driversí crashes differ:
Compared with older driversí fatal crashes, those of 16 year-olds more often
involve driver error.
drivers have a higher rate of fatal crashes in which excessive speed is a
16 year-oldsí fatal crashes involve only the teenís vehicle. Typically these are
high-speed crashes in which the driver lost control.
Sixteen year-oldsí fatal crashes
are more likely to occur when passengers are riding in the vehicle. This risk
increases with the addition of every passenger.
Although this is a problem among
drivers of all ages, itís actually less of a problem for 16 year olds.
Typically, about 15 percent of fatally injured 16-year-old drivers have blood
alcohol concentrations of 0.08 percent or more, but alcohol becomes more of a
problem in later teen years.
This is a high-risk activity
for beginners. Per mile driven, the nighttime fatal crash rate of 16 year olds
is about twice as high at night compared with during the day.
Low belt use:
Most teenagers who are killed
in crashes arenít using their safety belts.
16 - 17 year-old driver
fatal crash characteristics
Teenagers perceive a driverís license as a ticket to freedom. Itís momentous for
parents, too. Though they often are aware of 16 year-oldsí high crash risks,
theyíre relieved not to have to chauffeur their children around anymore. But the
price is steep. Crashes are the leading cause of death among American teens,
accounting for more than onethird of all deaths of 16 to 18 year-olds.
With or without a strong graduated licensing law, parents can establish
effective rules. In particular:
Become familiar with
restrictions on young drivers. Enforce the rules. To learn about the law in your
state, go to
Pa. State graduated driver licensing. .
Most young driversí
nighttime fatal crashes occur from 9 p.m. to midnight, so teens shouldnít drive
much later than 9. The problem isnít just that such driving requires more skill.
Late outings tend to be recreational, and even teens who usually follow the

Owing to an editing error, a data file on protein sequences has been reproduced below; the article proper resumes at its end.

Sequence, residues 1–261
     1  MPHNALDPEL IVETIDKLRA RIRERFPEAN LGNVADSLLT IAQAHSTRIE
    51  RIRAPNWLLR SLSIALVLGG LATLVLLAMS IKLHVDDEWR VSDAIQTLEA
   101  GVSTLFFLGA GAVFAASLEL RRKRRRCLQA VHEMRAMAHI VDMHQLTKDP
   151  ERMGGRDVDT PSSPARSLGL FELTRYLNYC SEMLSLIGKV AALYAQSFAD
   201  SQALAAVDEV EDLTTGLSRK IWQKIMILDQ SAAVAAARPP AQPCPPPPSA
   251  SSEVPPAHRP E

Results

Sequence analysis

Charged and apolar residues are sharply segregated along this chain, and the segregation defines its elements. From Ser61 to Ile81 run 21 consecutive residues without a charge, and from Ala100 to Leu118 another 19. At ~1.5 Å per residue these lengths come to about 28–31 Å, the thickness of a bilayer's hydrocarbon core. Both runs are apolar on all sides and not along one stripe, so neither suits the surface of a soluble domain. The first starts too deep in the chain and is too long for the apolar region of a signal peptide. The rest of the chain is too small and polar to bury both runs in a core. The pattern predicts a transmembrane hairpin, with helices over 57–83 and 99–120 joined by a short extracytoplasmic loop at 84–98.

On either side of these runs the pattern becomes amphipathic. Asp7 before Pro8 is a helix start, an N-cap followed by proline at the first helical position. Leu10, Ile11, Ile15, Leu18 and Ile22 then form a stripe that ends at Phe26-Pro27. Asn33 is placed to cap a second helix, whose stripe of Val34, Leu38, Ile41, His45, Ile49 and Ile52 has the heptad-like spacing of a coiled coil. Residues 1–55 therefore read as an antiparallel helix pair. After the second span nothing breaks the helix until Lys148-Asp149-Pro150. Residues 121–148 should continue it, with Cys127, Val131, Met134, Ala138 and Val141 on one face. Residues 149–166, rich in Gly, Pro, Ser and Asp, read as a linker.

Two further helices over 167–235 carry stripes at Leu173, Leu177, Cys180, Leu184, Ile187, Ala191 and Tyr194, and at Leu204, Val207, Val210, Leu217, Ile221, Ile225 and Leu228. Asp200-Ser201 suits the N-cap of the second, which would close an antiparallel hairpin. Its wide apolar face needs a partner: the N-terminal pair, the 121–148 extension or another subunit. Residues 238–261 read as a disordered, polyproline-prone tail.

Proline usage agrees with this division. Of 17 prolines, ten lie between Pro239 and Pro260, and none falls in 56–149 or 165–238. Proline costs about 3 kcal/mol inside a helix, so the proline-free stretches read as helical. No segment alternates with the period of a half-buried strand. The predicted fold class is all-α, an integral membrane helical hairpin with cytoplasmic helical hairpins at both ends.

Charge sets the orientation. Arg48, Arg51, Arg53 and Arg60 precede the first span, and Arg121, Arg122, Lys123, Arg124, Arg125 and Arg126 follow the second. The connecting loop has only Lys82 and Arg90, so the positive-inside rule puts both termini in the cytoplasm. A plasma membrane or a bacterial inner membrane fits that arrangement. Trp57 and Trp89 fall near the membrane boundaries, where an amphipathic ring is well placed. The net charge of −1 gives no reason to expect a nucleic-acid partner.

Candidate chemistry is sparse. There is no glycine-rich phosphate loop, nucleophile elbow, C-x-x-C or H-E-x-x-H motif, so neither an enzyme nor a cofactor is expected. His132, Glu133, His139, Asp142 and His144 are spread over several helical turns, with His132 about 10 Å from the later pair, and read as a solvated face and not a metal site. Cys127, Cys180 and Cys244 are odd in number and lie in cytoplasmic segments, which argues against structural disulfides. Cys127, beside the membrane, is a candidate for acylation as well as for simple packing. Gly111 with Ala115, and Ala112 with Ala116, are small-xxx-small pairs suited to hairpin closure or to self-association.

rules can be easily distracted or encouraged to take risks.
Teen passengers in a
vehicle can distract a beginning driver and/or lead to greater risktaking. About
6 of every 10 teenage passenger deaths occur in crashes with teen drivers.While
night driving with passengers is particularly lethal, many fatal crashes with
teen passengers occur during the day. The best policy is to restrict teen
passengers, especially multiple teens, all the time.
Take an active
role in helping your teenager learn to drive. Plan a series of practice sessions
in a wide variety of situations, including night driving. Give beginners time to
work up to challenges like driving in heavy traffic or on the freeway.
Supervised practice should be spread over at least 6 months and continue even
after a teenager graduates from a learnerís permit to a restricted or full
Donít assume that
belt use when youíre in the car with your 16 year-old means a belt will be used
when your child is driving alone or out with peers. Insist on using belts all
Teenagers should drive vehicles that reduce their chances of a crash and offer
protection in case they do crash. For example, small cars donít offer the best
protection in a crash. Avoid vehicles with performance images that might
encourage speeding. Vehicles with the latest safety technologies, especially
side airbags that protect peopleís heads and electronic stability control, are
the best ones to choose.